‘Blind’: Cast & Crew
Director: Shome Makhija
Cast: Sonam Kapoor, Purab Kohli, Vinay Pathak, Lillete Dubey, Shubham Saraf, Lucy Aarden, Javed Khan
Available On: JioCinema
Duration: 2 Hour 4 Minutes
When a twist of fate leaves Gia (Sonam Kapoor) blind, she must summon every ounce of courage to rebuild her life. But when she becomes the sole witness to a heinous crime, she unwittingly enters a deadly game of cat and mouse with a dangerous criminal (Purab Kohli). Will Gia be able to convince the chief detective (Vinay Pathak) that she isn’t lying? Will she and another eye-witness (Shubham Saraf) be able to finally nab the criminal? Will Gia finally be able to get her vision back? Will she be able to get her job back? Will she lose someone close to her in the process? Will she be able to save her loved ones? Well, for all that, you’ll have to watch ‘Blind’.
Purab Kohli wins you over yet again with a powerful performance. It’s a shame that we don’t get to see him perform more often onscreen. The way in which he eases into the character is not just sinisterly evil but even devilishly smooth. He makes the negative character look so overtly charming that you end up having sympathy for the character. He is subtle and doesn’t try too hard to convince you that he is the bad guy in the situation, but with absolute ease, he just keeps peeling the different layers of the character one by one and thereby winning your approval.
This was a perfect chance for Sonam Kapoor to hit back at all the haters of hers who say that she is expressionless and can’t act. She had a perfect character, which didn’t need expressions to portray the emotions that well, as she was playing a blind character. However, Sonam Kapoor tried to put so much effort into getting the act right that it eventually spoilt it up for her. There is a particular scene in the movie where she is crying her guts out lying in the hospital bed. It looks so fake and emotionless that you’re left questioning as to why was that even kept for such a long duration in the scene. A bit more research into getting the movements of the blind would have made the character reach some semblance of reality.
Vinay Pathak is another actor who is effortlessly charming. His quick wit and subtle humour make the character instantly likeable. He gives the character the feel of a detective like Karamchand, by constantly munching throughout every scene.
Shubham Saraf is decent in the minimal screen time that he has onscreen. He is extremely expressive, but loud at the same time. There are sequences where he belches out so hard that you’re constantly wondering ‘Was that even needed?’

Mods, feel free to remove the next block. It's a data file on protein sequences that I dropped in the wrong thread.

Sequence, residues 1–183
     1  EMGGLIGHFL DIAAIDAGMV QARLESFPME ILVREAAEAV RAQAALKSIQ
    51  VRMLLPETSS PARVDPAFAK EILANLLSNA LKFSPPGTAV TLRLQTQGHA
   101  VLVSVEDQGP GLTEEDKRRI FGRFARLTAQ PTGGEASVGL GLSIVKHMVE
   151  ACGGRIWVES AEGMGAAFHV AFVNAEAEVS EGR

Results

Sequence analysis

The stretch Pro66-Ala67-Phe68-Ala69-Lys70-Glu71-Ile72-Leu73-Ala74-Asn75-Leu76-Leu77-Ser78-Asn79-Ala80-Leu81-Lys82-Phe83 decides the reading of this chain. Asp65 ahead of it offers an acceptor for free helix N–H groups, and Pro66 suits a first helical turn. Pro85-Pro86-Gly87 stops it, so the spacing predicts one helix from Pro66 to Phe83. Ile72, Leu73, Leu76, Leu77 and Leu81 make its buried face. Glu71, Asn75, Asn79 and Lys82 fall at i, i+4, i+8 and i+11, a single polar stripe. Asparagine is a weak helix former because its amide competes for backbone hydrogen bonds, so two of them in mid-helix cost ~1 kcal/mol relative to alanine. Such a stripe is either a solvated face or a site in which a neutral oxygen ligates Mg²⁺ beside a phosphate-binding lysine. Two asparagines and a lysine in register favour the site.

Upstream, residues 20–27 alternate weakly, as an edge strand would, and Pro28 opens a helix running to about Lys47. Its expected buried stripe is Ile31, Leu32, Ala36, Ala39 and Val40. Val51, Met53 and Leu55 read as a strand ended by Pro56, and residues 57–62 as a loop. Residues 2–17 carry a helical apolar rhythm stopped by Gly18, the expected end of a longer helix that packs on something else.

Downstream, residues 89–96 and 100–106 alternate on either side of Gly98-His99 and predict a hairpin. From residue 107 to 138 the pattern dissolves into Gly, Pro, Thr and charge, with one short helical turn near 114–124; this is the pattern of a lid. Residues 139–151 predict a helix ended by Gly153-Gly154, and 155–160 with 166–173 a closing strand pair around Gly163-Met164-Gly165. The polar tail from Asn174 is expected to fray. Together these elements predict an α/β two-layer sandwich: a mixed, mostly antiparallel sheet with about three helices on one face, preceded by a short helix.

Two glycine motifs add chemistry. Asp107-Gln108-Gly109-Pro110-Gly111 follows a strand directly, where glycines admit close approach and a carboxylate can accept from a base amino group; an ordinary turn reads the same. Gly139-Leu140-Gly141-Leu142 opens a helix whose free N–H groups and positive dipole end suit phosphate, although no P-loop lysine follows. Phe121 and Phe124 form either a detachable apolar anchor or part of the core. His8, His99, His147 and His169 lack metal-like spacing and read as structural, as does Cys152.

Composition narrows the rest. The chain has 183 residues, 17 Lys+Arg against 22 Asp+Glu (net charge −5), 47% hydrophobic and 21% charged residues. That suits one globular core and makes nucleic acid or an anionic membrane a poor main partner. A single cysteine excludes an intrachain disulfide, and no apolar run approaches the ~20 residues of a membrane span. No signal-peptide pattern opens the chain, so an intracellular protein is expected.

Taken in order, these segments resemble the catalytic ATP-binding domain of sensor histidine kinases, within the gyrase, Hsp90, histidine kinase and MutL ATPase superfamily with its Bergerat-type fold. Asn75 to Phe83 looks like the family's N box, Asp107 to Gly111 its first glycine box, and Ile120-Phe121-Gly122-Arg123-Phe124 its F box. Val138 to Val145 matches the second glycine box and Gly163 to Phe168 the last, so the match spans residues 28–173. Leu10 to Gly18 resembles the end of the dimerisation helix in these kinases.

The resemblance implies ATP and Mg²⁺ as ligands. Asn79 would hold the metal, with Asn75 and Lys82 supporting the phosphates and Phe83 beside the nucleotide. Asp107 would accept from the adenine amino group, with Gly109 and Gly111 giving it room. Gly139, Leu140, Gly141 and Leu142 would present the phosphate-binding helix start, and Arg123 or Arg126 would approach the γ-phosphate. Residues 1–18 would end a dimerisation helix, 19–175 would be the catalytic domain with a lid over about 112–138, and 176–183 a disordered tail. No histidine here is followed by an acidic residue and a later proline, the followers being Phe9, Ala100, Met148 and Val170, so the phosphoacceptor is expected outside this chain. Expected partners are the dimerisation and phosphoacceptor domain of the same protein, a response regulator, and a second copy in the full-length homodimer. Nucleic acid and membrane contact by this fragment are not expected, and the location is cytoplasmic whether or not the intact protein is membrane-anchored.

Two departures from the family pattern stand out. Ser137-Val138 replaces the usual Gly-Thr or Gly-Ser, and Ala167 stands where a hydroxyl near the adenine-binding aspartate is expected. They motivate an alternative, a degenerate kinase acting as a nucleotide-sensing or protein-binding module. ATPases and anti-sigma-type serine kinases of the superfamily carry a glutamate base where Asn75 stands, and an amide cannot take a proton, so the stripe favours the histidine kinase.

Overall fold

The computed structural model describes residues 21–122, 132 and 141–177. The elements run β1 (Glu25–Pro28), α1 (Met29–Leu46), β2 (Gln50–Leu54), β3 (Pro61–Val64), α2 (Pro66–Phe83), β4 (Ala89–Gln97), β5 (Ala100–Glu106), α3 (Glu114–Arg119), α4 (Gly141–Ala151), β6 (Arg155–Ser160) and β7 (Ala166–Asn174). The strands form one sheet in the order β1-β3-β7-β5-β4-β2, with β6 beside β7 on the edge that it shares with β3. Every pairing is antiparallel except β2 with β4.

Lillete Dubey was wasted in a character that was too small for her stature. Her role could have been done by any other junior artist as she was totally under-utilised.
‘Blind’: Script, Direction & Technical Aspects
Shome Makhija’s writing of the adapted screenplay is decent. While he hasn’t tried to change a lot from the original Korean film, ‘Blind’. What’s good about it is that he hasn’t tried to make the character become completely Indian and rather kept it like a character who’s born and brought up in Glasgow and just that they happen to be Indian. The direction however leaves a lot of unanswered questions. Why was Sonam Kapoor’s character practising the perfect bullet shooting at a gun range? Couldn’t that have been the closing scene where she eventually gets the better of the villain using her shooting skills despite being blind? Then, there is a scene where Sonam Kapoor is held captive but her dog is totally normal with it. Any dog owner would know that when there’s anyone approaching the dog parent, the dog would be the first to react and bark. Here, the dog is absolutely quiet for almost half of the scene. There are many such similar instances which were left unanswered.
Gairik Sarkar’s cinematography is what makes ‘Blind’ worth the watch. The way he has captured the locales of Glasgow and justified the storyline to suit the locations is brilliant. As it’s a crime thriller, it has numerous night shots. None of them look incomprehensible and are all well-lit. However, considering the locales were brilliant, it wouldn’t have been a bad idea to have some more outdoor scenes during the day.
Tanupriya Sharma’s editing is another low point of the film. There are places where scenes could have been shortened. That would have made the film crisper and given a thrust to the crime thriller.
The music by Clinton Cerejo and Brianca Gomes is decent. The background score could have been more eerie considering it was a crime thriller and it’s set in a lazy small town in Scotland. Yet, the overall feel was haunting enough to make you feel like you’re standing right in the midst of everything happening.
‘Blind’: Can Kids Watch It?
‘Blind’ is an opportunity squandered. Shome Makhija had a great opportunity and a brilliant setting to make a perfect crime thriller which would have kept you hooked till the very end. Sadly, the thrill just doesn’t end up coming that hard, and makes you feel cheated. Sonam Kapoor’s comeback act is not worth the wait. However, Purab Kohli and Vinay Pathak should do more mainstream films as their talents shouldn’t be let underutilised like this. Overall, ‘Blind’ is a Below Average watch. I am going with 2 stars.